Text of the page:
2014 Update: In January, USCIS published important, updated guidance relating to applicants with criminal histories, which significantly expands the number of people who may qualify for the waiver. Please see my blog post on this guidance for more information.
The Stateside Provisional Waiver (SPW) Process (a.k.a. the I-601A Waiver Process)
What Is It?
The Stateside Provisional Waiver process went into effect on March 4, 2013, enabling qualifying non-citizens who are unlawfully present in the U.S. to apply for a waiver of their unlawful presence without first leaving the U.S. and applying for an immigrant visa, and then a waiver, at a consulate in a foreign country.
What Is Unlawful Presence?
Unlawful presence refers to any period of time that a non-citizen is present in the U.S. without permission from the government. A person can be unlawfully present for many reasons; most commonly, she has overstayed her visa or other lawful period of presence or she previously entered the U.S. without permission. Unlawful presence only begins after a person has turned 18 years of age (however, unlawful status while under 18 can still have serious immigration consequences). The law on unlawful presence is very complicated, but for this discussion, it is enough to note that once a person has accrued six months or more of unlawful presence, she is generally not eligible to apply for an immigrant visa / green card without first leaving the U.S. The problem is that once such a person leaves the U.S., she will be barred from reentering the country for a period of three or ten years, depending on the total amount of unlawful presence she accrued before leaving. To get around this bar, certain people are eligible to apply for a waiver of unlawful presence that, if approved, will allow them to avoid the harsh consequences of the three and ten-year bars.
How Does the SPW Process Help?
Previously, to apply for a waiver of unlawful presence, a non-citizen first had to leave the U.S. He would then have to apply for an immigrant visa at a U.S. consulate abroad. However, by leaving the U.S., he would trigger the effect of the three or ten year bar, meaning that he could not legally reenter the country for many years. For this reason, he would then have to file an application for a waiver of the effect of the three or ten bar. Because his waiver application would take months to process, the person would have to wait outside the U.S. for sometimes up to half a year or more before learning whether he would be allowed to reenter the country as a lawfully admitted immigrant.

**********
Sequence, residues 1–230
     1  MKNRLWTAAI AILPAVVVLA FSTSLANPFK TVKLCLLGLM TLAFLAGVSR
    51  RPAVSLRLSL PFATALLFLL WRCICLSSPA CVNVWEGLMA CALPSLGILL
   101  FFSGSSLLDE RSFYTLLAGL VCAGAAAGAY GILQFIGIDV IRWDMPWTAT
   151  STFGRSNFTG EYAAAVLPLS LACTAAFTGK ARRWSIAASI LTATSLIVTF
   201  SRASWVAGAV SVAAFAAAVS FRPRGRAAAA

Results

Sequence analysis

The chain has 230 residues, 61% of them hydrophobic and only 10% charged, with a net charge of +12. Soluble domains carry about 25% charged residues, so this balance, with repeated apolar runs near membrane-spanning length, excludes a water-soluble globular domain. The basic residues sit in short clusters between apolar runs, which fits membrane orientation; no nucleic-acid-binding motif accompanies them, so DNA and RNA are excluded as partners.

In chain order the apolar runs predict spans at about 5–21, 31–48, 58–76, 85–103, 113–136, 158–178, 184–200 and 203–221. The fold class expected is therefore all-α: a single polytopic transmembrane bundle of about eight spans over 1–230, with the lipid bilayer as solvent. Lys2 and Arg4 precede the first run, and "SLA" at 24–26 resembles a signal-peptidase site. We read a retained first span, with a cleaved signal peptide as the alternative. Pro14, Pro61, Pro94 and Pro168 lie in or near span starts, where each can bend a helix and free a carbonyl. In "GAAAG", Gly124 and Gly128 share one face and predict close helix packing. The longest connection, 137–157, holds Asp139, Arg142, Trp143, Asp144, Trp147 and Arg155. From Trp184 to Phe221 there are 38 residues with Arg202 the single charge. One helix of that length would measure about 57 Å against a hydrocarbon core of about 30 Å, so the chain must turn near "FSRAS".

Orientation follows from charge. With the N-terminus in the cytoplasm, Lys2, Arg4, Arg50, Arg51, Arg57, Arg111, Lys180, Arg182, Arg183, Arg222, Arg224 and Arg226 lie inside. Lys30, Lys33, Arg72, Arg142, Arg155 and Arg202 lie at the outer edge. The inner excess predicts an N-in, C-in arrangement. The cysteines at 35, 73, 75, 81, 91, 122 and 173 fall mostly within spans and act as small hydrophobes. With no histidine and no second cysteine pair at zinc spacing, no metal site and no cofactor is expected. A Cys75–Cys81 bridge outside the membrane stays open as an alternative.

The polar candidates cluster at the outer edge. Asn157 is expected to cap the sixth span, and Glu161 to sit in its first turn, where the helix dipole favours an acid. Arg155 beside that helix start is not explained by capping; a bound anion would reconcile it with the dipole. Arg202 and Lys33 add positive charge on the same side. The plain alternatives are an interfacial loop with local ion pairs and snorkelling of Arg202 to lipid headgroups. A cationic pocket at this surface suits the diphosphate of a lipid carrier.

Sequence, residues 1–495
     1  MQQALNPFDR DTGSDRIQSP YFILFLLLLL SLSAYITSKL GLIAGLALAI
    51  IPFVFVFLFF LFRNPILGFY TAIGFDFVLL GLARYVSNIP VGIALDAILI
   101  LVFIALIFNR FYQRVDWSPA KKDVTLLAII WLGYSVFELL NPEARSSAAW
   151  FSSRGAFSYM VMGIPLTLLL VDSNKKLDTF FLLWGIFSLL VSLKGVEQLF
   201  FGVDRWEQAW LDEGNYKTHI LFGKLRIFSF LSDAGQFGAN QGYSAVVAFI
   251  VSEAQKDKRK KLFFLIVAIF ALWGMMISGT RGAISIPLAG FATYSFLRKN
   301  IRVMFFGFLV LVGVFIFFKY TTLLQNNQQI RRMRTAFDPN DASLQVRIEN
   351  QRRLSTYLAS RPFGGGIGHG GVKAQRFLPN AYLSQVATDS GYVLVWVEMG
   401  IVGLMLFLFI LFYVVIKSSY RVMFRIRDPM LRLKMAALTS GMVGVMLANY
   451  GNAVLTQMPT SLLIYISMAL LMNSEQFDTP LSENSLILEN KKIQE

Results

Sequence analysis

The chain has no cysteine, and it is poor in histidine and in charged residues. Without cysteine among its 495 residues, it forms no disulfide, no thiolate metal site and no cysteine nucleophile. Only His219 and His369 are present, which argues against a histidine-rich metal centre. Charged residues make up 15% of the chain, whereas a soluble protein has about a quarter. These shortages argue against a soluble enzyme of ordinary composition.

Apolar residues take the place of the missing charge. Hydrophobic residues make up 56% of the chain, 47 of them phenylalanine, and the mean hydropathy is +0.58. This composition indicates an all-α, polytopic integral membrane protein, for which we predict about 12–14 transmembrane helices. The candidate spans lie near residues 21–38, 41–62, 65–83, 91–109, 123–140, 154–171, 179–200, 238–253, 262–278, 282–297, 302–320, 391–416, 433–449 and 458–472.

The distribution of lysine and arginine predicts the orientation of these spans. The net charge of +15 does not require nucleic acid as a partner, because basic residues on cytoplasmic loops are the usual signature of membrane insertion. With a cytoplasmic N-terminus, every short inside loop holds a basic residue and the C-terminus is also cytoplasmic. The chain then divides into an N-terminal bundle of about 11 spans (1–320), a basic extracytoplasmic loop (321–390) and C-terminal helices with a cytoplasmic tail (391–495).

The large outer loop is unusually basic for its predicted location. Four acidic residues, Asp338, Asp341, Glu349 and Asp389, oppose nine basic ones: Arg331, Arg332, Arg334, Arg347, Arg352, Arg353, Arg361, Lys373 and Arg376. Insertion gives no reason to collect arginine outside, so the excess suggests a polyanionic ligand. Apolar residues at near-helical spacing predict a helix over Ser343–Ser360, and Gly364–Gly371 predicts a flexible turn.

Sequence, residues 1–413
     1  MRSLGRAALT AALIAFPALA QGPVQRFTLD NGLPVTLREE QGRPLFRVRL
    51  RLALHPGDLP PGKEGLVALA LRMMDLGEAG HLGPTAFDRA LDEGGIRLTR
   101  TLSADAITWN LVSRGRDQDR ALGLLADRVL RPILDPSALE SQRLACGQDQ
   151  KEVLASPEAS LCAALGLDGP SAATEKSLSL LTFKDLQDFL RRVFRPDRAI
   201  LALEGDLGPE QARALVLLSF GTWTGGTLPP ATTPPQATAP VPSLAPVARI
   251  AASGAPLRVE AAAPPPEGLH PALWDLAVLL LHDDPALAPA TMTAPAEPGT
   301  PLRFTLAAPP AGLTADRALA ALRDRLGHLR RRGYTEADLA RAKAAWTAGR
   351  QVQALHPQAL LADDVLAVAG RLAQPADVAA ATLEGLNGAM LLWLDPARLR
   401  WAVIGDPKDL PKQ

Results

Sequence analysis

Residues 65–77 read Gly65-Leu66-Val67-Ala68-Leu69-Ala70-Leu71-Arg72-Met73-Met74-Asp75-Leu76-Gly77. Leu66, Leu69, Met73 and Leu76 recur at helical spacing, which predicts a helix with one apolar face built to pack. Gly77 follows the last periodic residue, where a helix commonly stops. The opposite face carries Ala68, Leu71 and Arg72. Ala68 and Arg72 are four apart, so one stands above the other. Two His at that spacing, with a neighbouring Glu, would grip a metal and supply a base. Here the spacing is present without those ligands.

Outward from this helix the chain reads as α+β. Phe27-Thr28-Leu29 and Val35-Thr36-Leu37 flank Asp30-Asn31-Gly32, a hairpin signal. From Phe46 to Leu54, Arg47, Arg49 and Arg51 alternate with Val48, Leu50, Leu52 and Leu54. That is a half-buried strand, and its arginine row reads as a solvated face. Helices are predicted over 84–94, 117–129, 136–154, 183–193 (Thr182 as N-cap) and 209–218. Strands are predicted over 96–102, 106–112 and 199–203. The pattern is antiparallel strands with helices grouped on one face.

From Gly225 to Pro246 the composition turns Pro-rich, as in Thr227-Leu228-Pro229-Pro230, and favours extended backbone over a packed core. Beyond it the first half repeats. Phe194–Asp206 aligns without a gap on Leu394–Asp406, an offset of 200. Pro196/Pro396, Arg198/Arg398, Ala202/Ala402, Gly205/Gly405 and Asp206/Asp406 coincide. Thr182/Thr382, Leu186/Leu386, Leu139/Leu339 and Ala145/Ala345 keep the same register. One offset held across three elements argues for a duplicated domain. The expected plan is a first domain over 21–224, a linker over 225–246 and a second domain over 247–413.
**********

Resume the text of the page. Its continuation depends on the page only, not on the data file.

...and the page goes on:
The SPW process streamlines the above procedure by allowing a small group of qualifying individuals to apply for a provisional waiver without first leaving the U.S. So, instead of waiting outside the country to learn whether his waiver application has been approved, a qualifying individual can apply for the waiver inside the U.S. and then wait for it to be processed. If his application is approved, he can then leave the U.S. and apply for an immigrant visa, spending only days, instead of months, outside the country.
The SPW process also reduces the risk of applying for a waiver of unlawful presence, because a qualifying individual can apply for a provisional waiver without leaving the country and potentially not being able to reenter in the event his waiver application is denied. The government has indicated that in most (but not all) cases, if it denies a person’s SPW application, it will not place the person in deportation proceedings. Of course, the government could change its position, and this is a risk that anyone thinking of applying for a waiver should first discuss with an immigration attorney.
The SPW process is limited to a small group of non-citizens who have accrued six or more months of unlawful presence in the U.S. To be eligible, a person must meet the following requirements:
- She must be over 17 years of age or older.
- She must be physically present in the U.S.
- She must be the spouse, parent, or unmarried child under the age of 21 of a U.S. citizen. The U.S. citizen must file an immigrant-visa petition on behalf of the applicant. Note that if the applicant is the child of a U.S. citizen, she can only apply for the waiver if she is 17 years or older but not yet 21.
- She must be able to show that her qualifying relative, who can only be her U.S. citizen spouse or parent, will suffer “extreme hardship” unless the waiver is approved and she is able to return to the U.S. The petitioner and the qualifying relative do not always have to be the same person; in addition, an applicant may have more than one qualifying relative. Extreme hardship is difficult to prove, and I therefore strongly recommend that anyone considering applying for the provisional waiver first hire a lawyer to assist with the application.
Even if a person meets all of the above requirements, she may not be eligible if she has a criminal record or certain other issues in her past that could even potentially make her inadmissible to the U.S., and it is therefore very important that her lawyer carefully examine her background, criminal and otherwise, to determine if there are any potentially disqualifying factors.
Who Will Be Disappointed?
On January 3, 2012, the Department of Homeland Security, more specifically, U.S. Citizenship and Immigration Services (USCIS), issued final rules governing the SPW process. You can find a PDF of the rules, including a summary, here. Disappointingly, these rules significantly restrict who is eligible to apply for a provisional waiver. Here is a non-exhausitive list of disqualifying factors: